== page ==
Confession #117: I Don't Want Him to Go

Dec
13

With less than two weeks left of Peter Capaldi's official tenure as the Doctor, I'm shifting gears into full-scale denial mode. I know the cyclical process of getting used to the idea of a new Doctor, learning to love them, and mourning their impending departure is as natural as the whole "circle of life," but that doesn't mean I have to like it.

I find my own reaction a bit odd, really. After all, I was as excited as anyone at the prospect of the Doctor's next regeneration presenting female when Jodie Whitaker's casting was announced. I'm still excited to see her in the role. But I think my apprehension about whether or not the writers will do her justice is adding to my already massive distress over losing an incarnation I love so dearly.

Change is hard, yo.

David Tennant's Doctor giving way to Matt Smith's was my first "real time" regeneration—the first I wasn't watching well after the fact, with an established Doctor waiting for me on the other side. Although I liked Eleven just fine (with the exception of his creepy obsession with his Companions' short skirts), he never resonated with me as deeply as certain other Regenerations. Thus, when it came time for him to relinquish the TARDIS key, I wasn't as distraught.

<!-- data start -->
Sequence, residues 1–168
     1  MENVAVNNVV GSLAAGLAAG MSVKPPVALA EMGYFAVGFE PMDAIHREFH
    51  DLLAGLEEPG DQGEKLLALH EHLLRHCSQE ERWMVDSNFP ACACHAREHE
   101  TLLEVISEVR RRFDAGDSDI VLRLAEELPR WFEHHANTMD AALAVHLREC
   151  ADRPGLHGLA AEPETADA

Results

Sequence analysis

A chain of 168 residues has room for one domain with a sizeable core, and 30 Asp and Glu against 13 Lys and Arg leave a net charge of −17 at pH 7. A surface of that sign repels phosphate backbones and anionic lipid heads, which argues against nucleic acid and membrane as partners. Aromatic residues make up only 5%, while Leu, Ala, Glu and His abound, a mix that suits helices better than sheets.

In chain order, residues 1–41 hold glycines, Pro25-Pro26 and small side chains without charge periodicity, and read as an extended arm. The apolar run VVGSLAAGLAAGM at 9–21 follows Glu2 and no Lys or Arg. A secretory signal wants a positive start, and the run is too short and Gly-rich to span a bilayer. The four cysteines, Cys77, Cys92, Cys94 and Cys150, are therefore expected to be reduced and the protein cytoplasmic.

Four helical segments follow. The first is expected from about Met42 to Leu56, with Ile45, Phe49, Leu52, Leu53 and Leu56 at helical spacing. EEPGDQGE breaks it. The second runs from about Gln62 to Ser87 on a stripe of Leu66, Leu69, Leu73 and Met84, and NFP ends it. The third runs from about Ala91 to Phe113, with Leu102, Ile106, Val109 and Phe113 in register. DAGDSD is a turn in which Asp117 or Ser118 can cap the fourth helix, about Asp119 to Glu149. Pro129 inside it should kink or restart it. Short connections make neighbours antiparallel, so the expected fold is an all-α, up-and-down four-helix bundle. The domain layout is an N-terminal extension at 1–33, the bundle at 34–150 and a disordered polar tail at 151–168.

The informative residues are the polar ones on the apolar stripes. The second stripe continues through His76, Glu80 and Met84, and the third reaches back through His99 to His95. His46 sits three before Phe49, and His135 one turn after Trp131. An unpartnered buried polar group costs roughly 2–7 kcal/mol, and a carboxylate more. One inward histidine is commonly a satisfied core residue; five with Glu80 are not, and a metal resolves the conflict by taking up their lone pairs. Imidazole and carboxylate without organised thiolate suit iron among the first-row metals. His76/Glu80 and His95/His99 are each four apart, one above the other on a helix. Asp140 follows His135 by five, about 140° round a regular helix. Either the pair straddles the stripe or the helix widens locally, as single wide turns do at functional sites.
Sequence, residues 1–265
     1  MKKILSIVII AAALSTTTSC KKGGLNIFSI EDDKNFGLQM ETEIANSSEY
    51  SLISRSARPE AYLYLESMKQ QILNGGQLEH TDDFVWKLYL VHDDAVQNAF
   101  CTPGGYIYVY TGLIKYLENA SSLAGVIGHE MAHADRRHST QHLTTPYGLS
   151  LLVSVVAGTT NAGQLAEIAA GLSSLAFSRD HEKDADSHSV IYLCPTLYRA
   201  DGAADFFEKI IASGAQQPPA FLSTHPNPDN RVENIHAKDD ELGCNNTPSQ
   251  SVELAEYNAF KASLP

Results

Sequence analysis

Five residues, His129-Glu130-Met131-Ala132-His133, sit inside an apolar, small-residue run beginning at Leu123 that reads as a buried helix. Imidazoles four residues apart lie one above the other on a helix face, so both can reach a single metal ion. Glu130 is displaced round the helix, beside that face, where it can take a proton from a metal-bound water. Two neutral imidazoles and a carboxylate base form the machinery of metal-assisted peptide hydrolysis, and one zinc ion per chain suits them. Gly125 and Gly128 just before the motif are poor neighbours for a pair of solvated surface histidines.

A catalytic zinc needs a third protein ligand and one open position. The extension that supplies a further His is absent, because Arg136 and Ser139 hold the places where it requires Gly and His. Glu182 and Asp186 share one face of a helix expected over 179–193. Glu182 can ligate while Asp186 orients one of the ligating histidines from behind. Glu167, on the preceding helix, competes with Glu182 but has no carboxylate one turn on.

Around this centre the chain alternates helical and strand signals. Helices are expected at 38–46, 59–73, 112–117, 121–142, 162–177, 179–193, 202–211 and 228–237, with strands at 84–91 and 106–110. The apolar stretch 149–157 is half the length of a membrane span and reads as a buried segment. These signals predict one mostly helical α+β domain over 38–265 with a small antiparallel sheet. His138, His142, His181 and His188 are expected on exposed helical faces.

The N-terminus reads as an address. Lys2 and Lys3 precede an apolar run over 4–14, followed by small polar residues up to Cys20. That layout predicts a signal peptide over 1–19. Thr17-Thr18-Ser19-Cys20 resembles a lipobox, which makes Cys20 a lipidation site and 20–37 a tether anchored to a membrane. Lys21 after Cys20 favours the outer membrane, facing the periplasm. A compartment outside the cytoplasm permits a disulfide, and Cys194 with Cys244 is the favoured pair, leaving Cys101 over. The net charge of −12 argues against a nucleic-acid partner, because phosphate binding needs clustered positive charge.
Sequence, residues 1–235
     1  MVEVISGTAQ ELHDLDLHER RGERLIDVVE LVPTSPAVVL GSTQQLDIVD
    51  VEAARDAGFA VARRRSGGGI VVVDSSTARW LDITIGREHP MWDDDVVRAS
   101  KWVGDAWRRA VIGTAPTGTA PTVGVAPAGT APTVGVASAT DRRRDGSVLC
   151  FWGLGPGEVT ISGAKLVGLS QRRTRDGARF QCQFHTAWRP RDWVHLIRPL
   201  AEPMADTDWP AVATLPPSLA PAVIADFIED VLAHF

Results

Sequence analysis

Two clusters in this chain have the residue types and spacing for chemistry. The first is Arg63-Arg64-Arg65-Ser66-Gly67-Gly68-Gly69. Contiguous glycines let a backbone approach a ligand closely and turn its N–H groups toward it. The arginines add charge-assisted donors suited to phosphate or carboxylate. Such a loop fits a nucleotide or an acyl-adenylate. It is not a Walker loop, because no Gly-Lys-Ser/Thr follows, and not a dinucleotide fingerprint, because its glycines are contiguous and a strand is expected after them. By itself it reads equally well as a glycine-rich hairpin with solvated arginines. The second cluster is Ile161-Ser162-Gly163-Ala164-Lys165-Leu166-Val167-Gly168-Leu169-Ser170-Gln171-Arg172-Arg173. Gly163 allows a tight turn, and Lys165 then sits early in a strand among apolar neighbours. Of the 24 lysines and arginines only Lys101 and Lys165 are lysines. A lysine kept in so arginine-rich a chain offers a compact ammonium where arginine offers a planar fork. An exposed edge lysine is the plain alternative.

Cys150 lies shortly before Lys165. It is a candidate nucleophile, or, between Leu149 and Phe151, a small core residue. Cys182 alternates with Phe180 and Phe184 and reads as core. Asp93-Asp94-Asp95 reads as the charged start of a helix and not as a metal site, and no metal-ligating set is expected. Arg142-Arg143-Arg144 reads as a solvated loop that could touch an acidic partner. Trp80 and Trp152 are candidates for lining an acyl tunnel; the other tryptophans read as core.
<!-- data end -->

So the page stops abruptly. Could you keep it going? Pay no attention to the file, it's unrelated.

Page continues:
Categories: 

Setting the Standard

Nov
22

Review of The Five Doctors (#129)
DVD Release Date: 05 Aug 08
Original Air Date: 25 Nov 1983
Doctors/Companions: Five, One, Two, Three, Four (cameo), Tegan, Turlough, Susan, the Brigadier, Sarah Jane, Romana II (cameo)
Stars: Peter Davison, Richard Hurndall, Patrick Troughton, Jon Pertwee, (Tom Baker), Janet Fielding, Mark Strickson, Carole Ann Ford, Nicholas Courtney, Elisabeth Sladen, (Lalla Ward)
Preceding Story: The King's Demons (Five, Tegan, Turlough, Kamelion)
Succeeding Story: Warriors of the Deep (Five, Tegan, Turlough)

With tomorrow's anniversary of the show's beginnings, I felt now would be an appropriate time to look back at a different celebration of its history. Though this year we mark fifty-four years since the show's inception, 1983 was merely twenty, and the Powers That Beeb decided they couldn't let such a large, round number go unnoticed.

Here in the post-fiftieth-anniversary era, we think of that celebration as having pulled out all the stops, but really, it was The Five Doctors that set the standard. And while, like Moffat, JNT didn't get everyone he wanted to participate, he nonetheless pulled together a remarkable cast, including—in a way—all five incarnations of the Doctor who had appeared up to that point.

While First Doctor William Hartnell had (just barely) managed perform a part in the tenth anniversary story The Three Doctors, he was already eight years dead by the time this next milestone rolled around. Rather than exclude his Doctor entirely, though, JNT simply recast Richard Hurndall in the role, much like David Bradley has taken over the same in the modern era. But much like Eccleston for the fiftieth, Tom Baker could not be convinced to reprise his own Fourth Doctor (reportedly because he thought it was too soon).